Plasma lipoproteins are important components of the immune system

Microbiol Immunol. 2010 Apr;54(4):246-53. doi: 10.1111/j.1348-0421.2010.00203.x.


Plasma lipoproteins (VLDL, LDL, Lp[a] and HDL) function primarily in lipid transport among tissues and organs. However, cumulative evidence suggests that lipoproteins may also prevent bacterial, viral and parasitic infections and are therefore a component of innate immunity. Lipoproteins can also detoxify lipopolysaccharide and lipoteichoic acid. Infections can induce oxidation of LDL, and oxLDL in turn plays important anti-infective roles and protects against endotoxin-induced tissue damage. There is also evidence that apo(a) is protective against pathogens. Taken together, the evidence suggests that it might be valuable to introduce the concept that plasma lipoproteins belong in the realm of host immune response.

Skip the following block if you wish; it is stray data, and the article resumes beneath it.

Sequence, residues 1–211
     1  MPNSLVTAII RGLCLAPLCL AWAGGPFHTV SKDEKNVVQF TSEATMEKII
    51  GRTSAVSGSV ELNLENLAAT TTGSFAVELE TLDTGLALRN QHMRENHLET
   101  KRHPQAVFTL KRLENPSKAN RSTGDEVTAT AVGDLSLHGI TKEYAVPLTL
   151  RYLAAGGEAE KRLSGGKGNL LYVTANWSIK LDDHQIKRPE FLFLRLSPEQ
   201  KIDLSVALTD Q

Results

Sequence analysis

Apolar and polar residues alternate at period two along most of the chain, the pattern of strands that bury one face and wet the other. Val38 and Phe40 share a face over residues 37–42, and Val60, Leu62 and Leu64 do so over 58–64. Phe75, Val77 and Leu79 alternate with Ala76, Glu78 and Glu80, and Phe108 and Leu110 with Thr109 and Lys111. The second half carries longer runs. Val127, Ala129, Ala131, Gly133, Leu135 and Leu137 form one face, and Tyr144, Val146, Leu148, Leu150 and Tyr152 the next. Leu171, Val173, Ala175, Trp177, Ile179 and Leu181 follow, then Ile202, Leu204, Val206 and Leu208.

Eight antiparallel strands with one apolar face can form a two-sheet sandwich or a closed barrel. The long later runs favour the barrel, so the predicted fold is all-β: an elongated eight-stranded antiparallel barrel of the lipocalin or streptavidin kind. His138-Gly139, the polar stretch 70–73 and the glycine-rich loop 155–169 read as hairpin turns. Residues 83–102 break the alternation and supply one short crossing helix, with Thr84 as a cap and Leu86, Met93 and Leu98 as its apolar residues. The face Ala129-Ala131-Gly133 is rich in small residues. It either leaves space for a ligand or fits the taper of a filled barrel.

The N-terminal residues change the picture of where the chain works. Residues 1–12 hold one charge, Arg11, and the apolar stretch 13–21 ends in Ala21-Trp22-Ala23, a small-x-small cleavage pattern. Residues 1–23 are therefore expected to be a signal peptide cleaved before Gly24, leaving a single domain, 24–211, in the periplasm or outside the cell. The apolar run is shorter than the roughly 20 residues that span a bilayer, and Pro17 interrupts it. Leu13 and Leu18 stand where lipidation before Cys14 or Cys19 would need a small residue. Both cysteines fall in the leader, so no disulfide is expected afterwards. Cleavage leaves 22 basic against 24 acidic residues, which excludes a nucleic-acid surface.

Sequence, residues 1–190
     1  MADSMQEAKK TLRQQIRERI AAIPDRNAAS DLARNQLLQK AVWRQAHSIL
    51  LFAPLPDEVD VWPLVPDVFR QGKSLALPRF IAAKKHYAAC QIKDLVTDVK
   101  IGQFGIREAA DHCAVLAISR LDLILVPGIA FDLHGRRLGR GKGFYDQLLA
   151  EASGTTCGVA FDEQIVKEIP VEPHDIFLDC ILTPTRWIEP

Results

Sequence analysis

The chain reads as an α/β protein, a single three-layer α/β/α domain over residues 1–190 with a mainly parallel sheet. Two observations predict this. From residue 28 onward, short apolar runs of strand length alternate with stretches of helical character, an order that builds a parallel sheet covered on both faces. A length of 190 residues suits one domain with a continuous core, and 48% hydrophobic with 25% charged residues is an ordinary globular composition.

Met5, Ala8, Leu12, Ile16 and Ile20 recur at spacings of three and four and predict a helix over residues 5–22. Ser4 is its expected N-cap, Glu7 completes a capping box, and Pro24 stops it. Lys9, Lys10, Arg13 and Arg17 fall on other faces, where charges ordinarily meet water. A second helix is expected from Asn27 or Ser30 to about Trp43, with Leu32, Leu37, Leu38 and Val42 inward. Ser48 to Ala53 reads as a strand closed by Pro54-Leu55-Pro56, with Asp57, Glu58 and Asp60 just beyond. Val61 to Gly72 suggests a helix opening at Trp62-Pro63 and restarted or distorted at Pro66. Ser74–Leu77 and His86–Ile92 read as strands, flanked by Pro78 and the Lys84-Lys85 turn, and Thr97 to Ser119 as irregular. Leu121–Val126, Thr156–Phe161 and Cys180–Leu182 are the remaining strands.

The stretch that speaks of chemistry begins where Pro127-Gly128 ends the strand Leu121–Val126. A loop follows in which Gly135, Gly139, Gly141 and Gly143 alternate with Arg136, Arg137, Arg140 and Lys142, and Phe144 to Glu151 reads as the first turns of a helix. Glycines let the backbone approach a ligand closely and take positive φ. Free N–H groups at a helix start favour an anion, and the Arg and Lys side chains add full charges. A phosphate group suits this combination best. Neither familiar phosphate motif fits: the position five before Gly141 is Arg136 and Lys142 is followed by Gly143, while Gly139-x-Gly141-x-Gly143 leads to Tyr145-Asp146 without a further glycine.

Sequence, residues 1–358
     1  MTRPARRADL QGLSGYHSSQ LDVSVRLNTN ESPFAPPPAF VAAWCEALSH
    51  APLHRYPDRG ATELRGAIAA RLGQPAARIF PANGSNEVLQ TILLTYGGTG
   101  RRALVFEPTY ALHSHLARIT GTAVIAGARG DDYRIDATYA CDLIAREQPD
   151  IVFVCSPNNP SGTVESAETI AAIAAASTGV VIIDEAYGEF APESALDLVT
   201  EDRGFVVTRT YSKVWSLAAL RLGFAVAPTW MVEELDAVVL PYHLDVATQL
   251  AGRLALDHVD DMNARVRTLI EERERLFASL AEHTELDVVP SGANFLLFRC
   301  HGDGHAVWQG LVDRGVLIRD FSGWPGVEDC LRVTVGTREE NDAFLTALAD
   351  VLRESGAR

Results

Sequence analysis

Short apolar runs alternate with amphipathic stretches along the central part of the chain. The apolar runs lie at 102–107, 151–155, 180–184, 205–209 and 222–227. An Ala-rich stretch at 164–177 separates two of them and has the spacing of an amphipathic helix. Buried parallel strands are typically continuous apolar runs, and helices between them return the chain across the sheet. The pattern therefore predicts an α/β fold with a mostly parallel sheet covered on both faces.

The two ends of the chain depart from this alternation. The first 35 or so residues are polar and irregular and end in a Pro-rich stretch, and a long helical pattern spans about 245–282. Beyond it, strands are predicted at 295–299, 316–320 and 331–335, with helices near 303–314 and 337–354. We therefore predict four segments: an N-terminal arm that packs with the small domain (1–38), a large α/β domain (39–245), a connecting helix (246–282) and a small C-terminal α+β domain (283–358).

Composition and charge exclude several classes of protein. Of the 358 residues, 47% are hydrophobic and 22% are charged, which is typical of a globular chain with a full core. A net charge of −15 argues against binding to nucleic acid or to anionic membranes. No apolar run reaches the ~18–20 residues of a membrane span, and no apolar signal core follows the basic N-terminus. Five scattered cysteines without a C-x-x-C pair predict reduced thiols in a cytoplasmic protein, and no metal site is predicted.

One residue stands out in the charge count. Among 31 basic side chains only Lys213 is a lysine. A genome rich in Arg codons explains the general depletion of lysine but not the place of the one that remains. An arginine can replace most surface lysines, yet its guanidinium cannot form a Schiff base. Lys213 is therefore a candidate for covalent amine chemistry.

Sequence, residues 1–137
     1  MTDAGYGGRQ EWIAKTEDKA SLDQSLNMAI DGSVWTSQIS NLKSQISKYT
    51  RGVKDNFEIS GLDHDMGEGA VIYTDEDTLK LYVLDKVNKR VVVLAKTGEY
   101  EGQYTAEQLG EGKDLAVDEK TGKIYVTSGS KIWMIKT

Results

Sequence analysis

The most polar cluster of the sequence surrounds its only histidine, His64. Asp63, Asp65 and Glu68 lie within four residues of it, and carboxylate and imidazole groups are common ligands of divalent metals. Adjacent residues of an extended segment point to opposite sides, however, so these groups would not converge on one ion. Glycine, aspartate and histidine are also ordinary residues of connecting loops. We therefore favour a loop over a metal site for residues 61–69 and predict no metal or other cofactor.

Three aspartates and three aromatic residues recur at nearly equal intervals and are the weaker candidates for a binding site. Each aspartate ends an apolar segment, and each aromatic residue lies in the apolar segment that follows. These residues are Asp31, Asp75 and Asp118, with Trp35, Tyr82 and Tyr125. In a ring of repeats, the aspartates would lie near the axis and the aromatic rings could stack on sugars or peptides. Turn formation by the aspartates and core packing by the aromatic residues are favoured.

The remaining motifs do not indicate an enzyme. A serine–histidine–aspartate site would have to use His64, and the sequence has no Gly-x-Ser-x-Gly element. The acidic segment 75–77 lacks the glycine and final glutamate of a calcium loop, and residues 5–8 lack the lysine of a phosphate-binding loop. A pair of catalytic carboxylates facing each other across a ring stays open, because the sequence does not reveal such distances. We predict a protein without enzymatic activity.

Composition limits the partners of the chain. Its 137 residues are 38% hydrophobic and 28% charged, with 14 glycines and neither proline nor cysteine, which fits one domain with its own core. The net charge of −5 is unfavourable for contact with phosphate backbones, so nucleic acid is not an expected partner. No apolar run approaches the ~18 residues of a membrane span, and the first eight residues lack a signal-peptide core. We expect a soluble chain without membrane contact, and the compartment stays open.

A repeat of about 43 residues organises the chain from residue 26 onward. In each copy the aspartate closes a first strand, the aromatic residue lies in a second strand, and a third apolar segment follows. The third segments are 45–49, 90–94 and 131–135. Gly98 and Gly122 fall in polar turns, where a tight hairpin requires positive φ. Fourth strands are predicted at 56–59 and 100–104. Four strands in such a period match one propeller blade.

Publication types

  • Research Support, Non-U.S. Gov't
  • Review

MeSH terms

  • Bacterial Infections / immunology
  • Humans
  • Immunity, Innate*
  • Lipoproteins / blood*
  • Lipoproteins / immunology
  • Parasitic Diseases / immunology
  • Virus Diseases / immunology


  • Lipoproteins